B.E.L.L. Tips – Halloween

jack o lantern on brown wooden table

B.E.L.L. Tips – Halloween

Issue #43

Learn English Here!

Tips and Tricks for Business English Language Learners (B.E.L.L.)


Each week I will send out some handy tips and useful exercises for adults learning to navigate and use the English language. Please feel free to share this newsletter with friends and colleagues. For more in-depth language coaching, use the link below to schedule a 1:1 consultation.

Halloween is the second largest holiday celebration in America (Christmas is the largest). It is estimated that consumers in the U.S. will spend about $12.2 BILLION dollars on Halloween in 2023. On average, each person spends about $100 on costumes, candy and home decor.

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Explore all of the vocabulary in this infographic about Halloween Monsters. Look up words you don’t know and try writing them in a new sentence.


Conditionals are sentences with two parts. One part of the sentence describes a condition, and the other part of the sentence describes the result of that condition.


If you work all day, you will be tired at night.
(condition) (result)
You will be tired at night if you work all day.
(result) (condition)

Notice that either the condition clause or the result clause can go first in the sentence. However, if we put the condition first, we must place a comma after the condition clause.

Last week we looked at Zero, First and Second Conditionals. Today, we will look at Third and Mixed Conditionals.

Third Conditional

Used to express hypothetical or alternative PAST situations and their probable results.

Condition clause – past perfect
Result clause – would have, might have, could have (plus a past participle)


If I hadn’t studied business, I might have become a doctor.
If Don had been at the meeting, he wouldn’t have missed the announcement.
They might not have come to the party even if we had invited them.

Mixed Conditional

(Past Condition, Present Result)

Used to express hypothetical or alternative past situations and their probable effects on the present.

Condition clause – past perfect
Result clause – would, might (plus the base form of the verb)


If I had gotten a master’s degree, I might have a better job right now.
If Karen hadn’t taken time off to raise her kids, she might be the general manager now.
(Karen took time off to raise her kids and she isn’t the general manager now.)
Carl wouldn’t be in trouble if he had listened to his friends’ advice.
(Carl is in trouble and he didn’t listen to his friends’ advice.)

Mixed Conditional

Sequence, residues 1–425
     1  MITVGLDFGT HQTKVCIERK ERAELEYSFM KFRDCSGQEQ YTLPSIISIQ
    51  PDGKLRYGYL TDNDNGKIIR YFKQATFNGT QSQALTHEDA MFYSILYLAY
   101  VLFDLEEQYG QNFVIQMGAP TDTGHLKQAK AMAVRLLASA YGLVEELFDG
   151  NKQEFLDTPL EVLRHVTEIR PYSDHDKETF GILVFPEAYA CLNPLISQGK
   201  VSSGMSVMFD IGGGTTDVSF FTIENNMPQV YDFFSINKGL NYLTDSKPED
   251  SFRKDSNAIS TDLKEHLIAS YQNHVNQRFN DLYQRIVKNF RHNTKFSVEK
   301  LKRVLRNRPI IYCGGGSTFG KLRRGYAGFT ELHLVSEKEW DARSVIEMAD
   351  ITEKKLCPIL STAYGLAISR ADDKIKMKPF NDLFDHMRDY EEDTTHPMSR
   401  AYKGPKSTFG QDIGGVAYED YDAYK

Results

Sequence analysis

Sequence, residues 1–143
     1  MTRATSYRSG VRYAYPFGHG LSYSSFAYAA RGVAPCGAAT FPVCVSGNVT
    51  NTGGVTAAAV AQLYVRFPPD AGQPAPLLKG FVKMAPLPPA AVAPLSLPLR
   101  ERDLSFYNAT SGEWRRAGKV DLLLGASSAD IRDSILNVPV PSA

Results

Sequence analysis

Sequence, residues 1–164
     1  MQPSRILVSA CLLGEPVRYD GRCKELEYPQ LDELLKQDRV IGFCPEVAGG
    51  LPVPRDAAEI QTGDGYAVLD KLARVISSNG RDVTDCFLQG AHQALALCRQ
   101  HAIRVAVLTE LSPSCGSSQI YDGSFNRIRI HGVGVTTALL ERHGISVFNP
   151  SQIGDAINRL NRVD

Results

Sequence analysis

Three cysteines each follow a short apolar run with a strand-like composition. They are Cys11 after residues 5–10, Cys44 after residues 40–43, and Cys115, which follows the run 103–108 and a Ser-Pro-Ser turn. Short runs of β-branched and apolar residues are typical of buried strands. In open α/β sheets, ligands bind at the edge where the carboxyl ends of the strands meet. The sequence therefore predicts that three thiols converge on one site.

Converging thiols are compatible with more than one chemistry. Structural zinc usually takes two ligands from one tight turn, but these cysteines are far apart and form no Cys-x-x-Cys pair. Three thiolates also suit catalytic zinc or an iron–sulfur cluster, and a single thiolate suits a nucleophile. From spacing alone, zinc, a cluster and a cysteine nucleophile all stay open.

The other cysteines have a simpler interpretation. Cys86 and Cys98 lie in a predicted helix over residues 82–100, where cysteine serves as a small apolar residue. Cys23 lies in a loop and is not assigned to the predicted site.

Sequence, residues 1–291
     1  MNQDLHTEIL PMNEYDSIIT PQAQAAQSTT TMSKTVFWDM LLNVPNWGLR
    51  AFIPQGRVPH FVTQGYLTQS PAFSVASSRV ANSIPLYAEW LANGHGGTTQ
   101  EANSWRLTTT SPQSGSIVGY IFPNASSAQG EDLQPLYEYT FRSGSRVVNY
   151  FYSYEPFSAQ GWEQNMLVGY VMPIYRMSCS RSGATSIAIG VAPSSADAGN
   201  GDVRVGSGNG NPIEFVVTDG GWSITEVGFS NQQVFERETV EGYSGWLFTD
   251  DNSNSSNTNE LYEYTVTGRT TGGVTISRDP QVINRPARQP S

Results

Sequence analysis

(Present Condition, Past Result)

Used to express hypothetical present situations and their probable effects on the past.

Condition clause – simple past
Result clause – would have, might have, could have (plus a past participle)


If I were you, I would have taken the job offer.
If Kevin spoke good English, he might have gotten the job.
(Kevin doesn’t speak good English, and he didn’t get the job.)
We would have been able to go on vacation to Europe this year if the economy weren’t so bad.
(The economy is bad and the speaker of the sentence did not go on vacation to Europe)

Time to practice!

Fill in the blanks with the correct form of the third conditional or mixed conditional.

  1. If I hadn’t taken my current job, _________________.
  2. _______________ if I had studied something else in college.
  3. If my current boss hadn’t hired me, _________________.
  4. ____________ if I had learned English when I was a child.
  5. If I had been my high school’s valedictorian, ______________.
  6. If my family had moved to the United States when I was very young, ____________.
  7. _______________ if I had inherited a large sum of money five years ago.


This brief video explains the origins of Trick-or-treating in America.

For Writing practice, use the video to transcribe (write down or type the narration as you listen) what you hear.

video preview

Listening and Reading Practice:

Horror films are very popular in America. Why? There are psychological reasons behind our fascination with scary movies. Listen to this NPR interview about this interesting topic. You can read the transcript as you listen too:


Weekly Challenge

Correct the sentences below:

  1. I called Kate this morning and she told me she’ll call me back in a half an hour.
  2. We regularly conduct emergency drills for ensuring that we are prepared for an emergency.
  3. Brad is 32 now. He completes 33 years in October.
  4. These are the most cheap gas prices I have seen in my life.
  5. Yesterday, I must sent a very important email to a client.
  6. We knew there was a gas leak because it smelled really badly inside the house.
  7. My parents always told me that it’s important being positive.
  8. For the economy, we haven’t been able to hire any new people.
  9. He says that he’s been really tired since several weeks ago.
  10. A friend of us is going to pick us up at the airport.

Bonus Video

As my Halloween TREAT for you, here’s a bonus video explaining the origins of the Jack O’Lantern:

video preview

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